If you get the feeling that there is something a little French about the Pincian Hill, with its discrete stairways leading from Piazza del Popolo to the terrace view, you would be right! Welcome to the Hill of Gardens, as it was once known and see how the ancient Roman vineyards that once grew on this hill have become a little example of Napoleon’s grand, urban visions. From the terrace, of of our 5 best views in Rome, you can see a panorama of church domes and the Vittoriana’s wedding cake white marble: defenetely one of the best views in Rome! Piazza Napoleon sits at the top of the stairs and close by is the Villa Medici which became the French Academy in 1802. Order and grace rule here, right down to trees chosen by Giuseppe Valadier – he also planned Piazza del Popolo. Everything has a place and the purpose is to lead your eyes or feet toward something more to see. There’s a clever hydrometer (water clock) and a Roman obelisk, a walkway dedicated to important Italians and seating so that you can contemplate the artful design or just give your feet a rest. If you want to stay longer, it’s an easy amble on to the Borghese Garden, the green heart of Rome (literally! it is shaped like a heart on the Garden’s map!). Or stick around and watch the sunset over Rome then stroll along the park to the top of the Spanish Steps. Exploring the Pincio is the perfect thing to do after our Borghese Galleries Tour, our Sense of the City Tour or our Highlights of Rome Tour.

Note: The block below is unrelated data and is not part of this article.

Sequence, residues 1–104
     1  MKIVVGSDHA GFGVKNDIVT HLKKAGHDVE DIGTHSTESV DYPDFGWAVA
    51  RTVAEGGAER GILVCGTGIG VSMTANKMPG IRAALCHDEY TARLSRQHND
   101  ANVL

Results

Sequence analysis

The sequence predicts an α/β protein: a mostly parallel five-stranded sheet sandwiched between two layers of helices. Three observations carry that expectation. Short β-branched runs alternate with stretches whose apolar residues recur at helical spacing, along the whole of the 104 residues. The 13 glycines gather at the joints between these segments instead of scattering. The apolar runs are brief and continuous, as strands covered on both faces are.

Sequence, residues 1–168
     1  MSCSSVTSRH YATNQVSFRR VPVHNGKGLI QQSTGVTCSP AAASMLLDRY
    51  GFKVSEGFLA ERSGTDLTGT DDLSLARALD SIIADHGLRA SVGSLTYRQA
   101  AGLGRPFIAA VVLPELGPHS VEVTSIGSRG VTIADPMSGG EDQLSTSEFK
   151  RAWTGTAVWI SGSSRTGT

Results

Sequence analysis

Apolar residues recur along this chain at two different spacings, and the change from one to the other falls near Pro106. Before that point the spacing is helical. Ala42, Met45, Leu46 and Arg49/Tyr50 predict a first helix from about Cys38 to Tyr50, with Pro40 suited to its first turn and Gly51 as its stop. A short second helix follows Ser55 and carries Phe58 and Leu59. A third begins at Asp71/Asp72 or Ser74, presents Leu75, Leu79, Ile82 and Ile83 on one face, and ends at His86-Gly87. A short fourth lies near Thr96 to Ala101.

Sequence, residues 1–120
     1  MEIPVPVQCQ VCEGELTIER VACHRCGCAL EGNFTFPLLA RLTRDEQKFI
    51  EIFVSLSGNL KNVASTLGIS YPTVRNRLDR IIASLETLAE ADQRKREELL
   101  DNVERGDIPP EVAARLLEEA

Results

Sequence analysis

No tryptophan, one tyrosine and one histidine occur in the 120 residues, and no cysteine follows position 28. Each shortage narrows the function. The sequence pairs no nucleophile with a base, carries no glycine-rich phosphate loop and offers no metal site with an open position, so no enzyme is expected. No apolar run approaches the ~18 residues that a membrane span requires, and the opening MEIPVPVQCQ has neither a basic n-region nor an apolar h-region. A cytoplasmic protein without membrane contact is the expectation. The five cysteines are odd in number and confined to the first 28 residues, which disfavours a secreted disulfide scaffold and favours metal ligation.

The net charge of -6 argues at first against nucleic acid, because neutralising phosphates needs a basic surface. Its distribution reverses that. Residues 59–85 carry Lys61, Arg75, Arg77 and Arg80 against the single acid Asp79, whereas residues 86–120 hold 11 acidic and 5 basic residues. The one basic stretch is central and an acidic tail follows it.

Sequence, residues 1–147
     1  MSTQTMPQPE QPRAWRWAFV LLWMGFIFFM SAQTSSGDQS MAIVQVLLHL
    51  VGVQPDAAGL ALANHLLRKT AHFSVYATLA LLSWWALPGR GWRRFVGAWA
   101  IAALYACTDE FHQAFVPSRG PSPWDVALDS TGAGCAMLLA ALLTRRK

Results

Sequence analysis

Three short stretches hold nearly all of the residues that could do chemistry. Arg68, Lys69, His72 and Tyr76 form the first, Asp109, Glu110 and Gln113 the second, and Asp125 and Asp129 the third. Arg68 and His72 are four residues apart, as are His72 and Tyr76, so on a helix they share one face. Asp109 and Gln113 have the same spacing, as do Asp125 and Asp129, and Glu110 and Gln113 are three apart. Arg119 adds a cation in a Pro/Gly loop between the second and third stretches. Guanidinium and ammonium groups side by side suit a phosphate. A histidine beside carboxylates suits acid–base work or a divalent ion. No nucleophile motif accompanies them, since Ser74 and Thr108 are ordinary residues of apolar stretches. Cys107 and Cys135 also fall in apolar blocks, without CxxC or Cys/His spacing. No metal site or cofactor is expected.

Giardino Degli Aranci – Parco Savello
This inner city park covers the ruins of a medieval fortress. It’s tucked away between Circus Maximus and Testaccio – a great neighbourhood to explore and take a bite to eat. From here you get a view over the Tiber across the church domes and all the way to the Victor Emanuelle the Second monument. The Knights of Malta are close by if you want to see if they will let you peak through their keyhole to St Peter’s. The park entrance has a Roman bathtub “upcycled” into a masked fountain. They say Saint Dominic brought the first orange tree planted in the park, a small souvenir from Spain. The Dominican Basilica Santa Sabina, which borders a part of the park, is well worth a look – if just for to give you a contrast between its simplicity and the ornate artistry of ost other churches in Rome – can you imagine that most of them began as the same clean slate?